Thursday, October 8, 2015

There is a young cowboy who lives...

I was a young mother, a child myself when my first son was born.  To me he was the best plaything for which I could have wished.  And since he believed babies came from wishes, I suppose in this regard he was right.  He was my wish.

I remember…

…that I filled his room with toys we both loved, so we could play together for hours.  He had a huge plastic play house in his room into which we both could fit.  It took up more space than was reasonable.  One day he said that he wanted to be able to see the planets when we were in the house (I had sticker-ed glowing stars and planets all over the ceiling of his room).  So I took the off roof and threw it away, because what adult was there to say we couldn’t?

I remember…

…when the rain was light and warm we would walk between the raindrops (like the witches) and stomp in puddles (like Ping).  We would dig in the mud for worms and hold their squiggly bodies in our fingers.  We would dance barefoot in the rain, because what adult was there to tell us to put on our boots?

I remember…

…when it was cold and rainy we would make forts and create imaginary worlds with sofa cushions, drying racks, chairs, and blankets.  We left our creations up for days and even weeks, because what adult was there to tell us to clean up?

I remember…

…we played and perfected our video game skills.   In fact Zelda was one of our favorites, but I never could fly very well holding that darn chicken and he had to do it for me every time.  Often we played the video games instead of doing homework, because what adult was there to tell us otherwise?

I remember…

…we played late into the evening.  And when we were hungry, we ate ice cream for dinner before tucking in on the sofa to watch TV as we fell asleep.  We kept vampire hours whenever possible, because what adult was there to tell us to go to sleep?

I remember…

…that our life was filled with music.  We danced in our under ware, wearing towel capes fastened with diaper pins, holding tinker-toy marching sticks, yelling at the top of our lungs.  At night I would sing to him my renditions of James Taylor, John Denver, and Joni Mitchell, with some REM and Nirvana sprinkled in for good measure.  We made up our own special song combining cartoon intro, commercial jingles, and our own made up silliness, because what adult was there to say we had to sing lullabies?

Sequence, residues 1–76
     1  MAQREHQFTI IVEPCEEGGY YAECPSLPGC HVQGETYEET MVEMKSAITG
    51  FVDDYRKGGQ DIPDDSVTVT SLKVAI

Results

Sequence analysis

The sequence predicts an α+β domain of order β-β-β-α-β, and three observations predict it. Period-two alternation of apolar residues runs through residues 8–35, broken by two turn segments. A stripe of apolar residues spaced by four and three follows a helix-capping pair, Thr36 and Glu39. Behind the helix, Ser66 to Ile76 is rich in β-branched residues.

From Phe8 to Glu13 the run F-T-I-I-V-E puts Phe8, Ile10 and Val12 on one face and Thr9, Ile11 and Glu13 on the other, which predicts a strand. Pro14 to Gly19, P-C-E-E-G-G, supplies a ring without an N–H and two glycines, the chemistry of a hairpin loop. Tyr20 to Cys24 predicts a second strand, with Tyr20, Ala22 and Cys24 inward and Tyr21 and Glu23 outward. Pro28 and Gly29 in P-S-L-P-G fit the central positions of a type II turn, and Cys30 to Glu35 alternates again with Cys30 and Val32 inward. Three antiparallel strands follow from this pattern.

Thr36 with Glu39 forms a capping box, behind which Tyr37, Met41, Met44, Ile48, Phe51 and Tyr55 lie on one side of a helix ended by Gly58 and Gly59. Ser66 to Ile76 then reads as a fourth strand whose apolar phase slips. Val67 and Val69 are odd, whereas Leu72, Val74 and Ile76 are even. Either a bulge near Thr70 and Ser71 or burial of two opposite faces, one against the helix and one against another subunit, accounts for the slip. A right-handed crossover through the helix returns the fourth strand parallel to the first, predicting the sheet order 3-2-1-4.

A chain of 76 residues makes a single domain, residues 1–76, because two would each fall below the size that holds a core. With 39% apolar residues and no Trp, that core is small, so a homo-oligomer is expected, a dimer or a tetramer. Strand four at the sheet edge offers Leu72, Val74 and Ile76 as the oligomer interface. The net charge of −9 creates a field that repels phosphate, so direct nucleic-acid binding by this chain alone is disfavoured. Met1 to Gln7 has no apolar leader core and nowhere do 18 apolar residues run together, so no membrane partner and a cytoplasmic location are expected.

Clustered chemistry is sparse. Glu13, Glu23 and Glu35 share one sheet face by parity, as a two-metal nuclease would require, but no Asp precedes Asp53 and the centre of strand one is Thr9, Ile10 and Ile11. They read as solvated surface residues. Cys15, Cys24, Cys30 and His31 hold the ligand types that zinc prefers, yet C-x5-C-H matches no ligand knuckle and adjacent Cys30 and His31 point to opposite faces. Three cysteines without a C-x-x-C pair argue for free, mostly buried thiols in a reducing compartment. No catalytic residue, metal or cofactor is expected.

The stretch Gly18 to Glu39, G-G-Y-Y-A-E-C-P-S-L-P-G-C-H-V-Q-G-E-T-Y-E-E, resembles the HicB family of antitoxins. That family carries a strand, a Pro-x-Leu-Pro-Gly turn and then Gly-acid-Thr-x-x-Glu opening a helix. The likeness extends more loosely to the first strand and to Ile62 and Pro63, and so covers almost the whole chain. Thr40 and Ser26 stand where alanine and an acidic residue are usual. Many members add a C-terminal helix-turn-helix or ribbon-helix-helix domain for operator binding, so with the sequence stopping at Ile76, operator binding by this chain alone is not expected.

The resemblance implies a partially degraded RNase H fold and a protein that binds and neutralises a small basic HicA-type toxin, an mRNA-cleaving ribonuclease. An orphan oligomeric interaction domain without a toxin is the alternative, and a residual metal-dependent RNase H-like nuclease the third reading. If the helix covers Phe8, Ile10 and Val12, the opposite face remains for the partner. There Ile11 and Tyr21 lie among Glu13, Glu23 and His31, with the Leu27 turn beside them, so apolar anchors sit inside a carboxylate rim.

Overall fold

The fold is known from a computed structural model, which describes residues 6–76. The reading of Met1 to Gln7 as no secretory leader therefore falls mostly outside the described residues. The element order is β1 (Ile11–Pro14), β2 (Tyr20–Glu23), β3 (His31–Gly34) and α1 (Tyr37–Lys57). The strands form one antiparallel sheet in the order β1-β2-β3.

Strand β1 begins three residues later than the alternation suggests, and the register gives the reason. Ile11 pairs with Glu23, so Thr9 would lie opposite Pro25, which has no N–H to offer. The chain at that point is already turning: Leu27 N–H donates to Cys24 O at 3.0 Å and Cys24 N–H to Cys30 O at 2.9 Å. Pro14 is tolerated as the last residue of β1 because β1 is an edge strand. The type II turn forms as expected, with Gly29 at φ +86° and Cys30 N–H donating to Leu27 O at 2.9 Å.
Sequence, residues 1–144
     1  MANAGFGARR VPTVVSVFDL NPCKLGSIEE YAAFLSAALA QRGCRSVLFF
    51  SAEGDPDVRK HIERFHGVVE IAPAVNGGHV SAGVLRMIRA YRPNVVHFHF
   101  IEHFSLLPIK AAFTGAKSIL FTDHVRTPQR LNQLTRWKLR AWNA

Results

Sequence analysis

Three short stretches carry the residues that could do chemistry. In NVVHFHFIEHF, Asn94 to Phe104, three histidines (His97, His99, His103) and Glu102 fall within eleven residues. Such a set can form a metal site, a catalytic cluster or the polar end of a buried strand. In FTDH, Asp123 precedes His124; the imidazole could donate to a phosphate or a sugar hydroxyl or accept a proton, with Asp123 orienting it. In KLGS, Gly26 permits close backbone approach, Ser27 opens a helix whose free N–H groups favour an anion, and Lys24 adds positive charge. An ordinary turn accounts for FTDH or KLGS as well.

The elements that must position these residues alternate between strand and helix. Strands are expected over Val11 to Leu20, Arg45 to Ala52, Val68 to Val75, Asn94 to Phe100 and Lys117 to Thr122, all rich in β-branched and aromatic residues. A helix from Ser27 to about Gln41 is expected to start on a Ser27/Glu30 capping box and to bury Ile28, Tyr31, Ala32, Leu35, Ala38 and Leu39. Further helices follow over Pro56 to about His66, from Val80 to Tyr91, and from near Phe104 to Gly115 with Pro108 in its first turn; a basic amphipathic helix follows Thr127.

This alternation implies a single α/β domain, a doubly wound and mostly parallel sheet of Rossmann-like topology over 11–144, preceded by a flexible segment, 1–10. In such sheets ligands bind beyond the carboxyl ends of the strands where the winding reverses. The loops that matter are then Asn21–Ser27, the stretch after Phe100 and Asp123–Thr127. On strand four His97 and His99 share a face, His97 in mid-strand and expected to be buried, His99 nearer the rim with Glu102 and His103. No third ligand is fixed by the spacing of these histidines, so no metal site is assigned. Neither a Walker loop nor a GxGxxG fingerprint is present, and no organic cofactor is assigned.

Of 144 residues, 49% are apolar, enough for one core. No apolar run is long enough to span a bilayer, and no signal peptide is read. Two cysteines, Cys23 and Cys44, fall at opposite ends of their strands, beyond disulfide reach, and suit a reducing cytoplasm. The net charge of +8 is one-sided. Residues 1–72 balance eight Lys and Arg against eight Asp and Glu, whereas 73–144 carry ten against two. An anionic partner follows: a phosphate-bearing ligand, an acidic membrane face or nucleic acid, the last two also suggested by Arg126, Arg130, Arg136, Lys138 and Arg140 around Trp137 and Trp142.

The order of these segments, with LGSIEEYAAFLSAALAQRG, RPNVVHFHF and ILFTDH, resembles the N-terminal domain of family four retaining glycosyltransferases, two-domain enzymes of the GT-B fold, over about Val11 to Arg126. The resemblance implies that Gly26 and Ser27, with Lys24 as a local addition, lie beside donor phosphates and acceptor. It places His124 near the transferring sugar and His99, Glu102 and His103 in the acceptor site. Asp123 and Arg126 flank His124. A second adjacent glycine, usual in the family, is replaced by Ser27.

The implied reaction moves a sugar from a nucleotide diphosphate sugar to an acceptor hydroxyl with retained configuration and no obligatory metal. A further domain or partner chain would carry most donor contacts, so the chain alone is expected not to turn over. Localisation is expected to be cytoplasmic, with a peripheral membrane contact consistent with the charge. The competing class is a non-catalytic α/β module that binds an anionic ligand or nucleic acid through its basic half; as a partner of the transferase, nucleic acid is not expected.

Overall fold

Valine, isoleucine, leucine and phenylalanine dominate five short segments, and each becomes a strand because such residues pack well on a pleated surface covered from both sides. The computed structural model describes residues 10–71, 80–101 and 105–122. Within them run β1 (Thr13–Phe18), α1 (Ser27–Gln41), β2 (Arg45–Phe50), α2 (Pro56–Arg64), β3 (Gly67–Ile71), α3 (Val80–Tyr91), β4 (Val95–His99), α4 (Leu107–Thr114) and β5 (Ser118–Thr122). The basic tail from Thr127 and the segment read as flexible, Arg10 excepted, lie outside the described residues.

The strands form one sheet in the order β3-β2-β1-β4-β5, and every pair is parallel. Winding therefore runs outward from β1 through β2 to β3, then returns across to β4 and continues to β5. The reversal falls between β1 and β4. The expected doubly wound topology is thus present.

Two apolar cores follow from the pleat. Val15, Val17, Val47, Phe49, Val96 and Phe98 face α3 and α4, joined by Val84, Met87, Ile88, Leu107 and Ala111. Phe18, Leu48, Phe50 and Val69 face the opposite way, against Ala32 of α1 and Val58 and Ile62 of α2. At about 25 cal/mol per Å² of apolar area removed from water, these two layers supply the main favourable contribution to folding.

It was with many memories of my son dancing around in my head, that I traveled north for his wedding weekend.  And while his wife is everything I hoped he would find in a partner, the weekend was still a happy/sad time for me.  As I watched him stand before friends and family, my eyes could still see the little boy, even though I knew that she saw the man.  As he read his vows to her, my ears could still hear the little voice, even though I knew that she heard his deep tones.  As I my thoughts continued to travel backwards to the past lived with him, I knew that she imagined forward to a life yet lived with him.

After the beautifully touching ceremony, after their first kiss ever, after lovely boat rides to the reception, after a Hawaiian music filled dinner, and after the most beautiful hula dance from wife to husband imaginable (leaving us all blushing), the son/mother dance was upon us.  We had not talked about it, I did not know about it, and he would not be dissuaded from skipping it (my suggestion since it had started to rain).

So caught up in the moment, only gradually did I hear the song to which we were dancing.  Then it all came flooding back, the memories, the childhood, the playing, the love.  It was the song I sang to him as a baby and the song I sang with him as a child.
There is a young cowboy who lived on the range
His horse and his cattle are his only companions
He works in the saddle and he sleeps in the canyons
Waiting for Summer, his pastures to change
And as the moon rises he sits by his fire
Thinking about MOMMIES and glasses of MILK
And closing his eyes as the doggies retire
He sings out a song which is soft but it’s clear
As if maybe someone could hear 
Goodnight moonlight ladies
Rock-a-bye sweet baby TAYLOR
Deep greens and blues are the colors I chose
Won’t you let me go down in my dreams
And rock-a-bye sweet baby TAYLOR
*MANY changes to James Taylor’s song which are my own

I will always remember…

…the rain was light and he danced barefooted.  We danced in the middle of a crowd, cocooned by their love and cushioned by their well intentions.  We danced alone, through time, as I closed my eyes and sang to him again the words that were so familiar to us.  I rocked the baby once more.  I sang with the child again.  And then at last, I beheld the man.

He has always been my wish.  And when I opened my eyes and saw her standing there watching us dance, I knew that he was her wish too!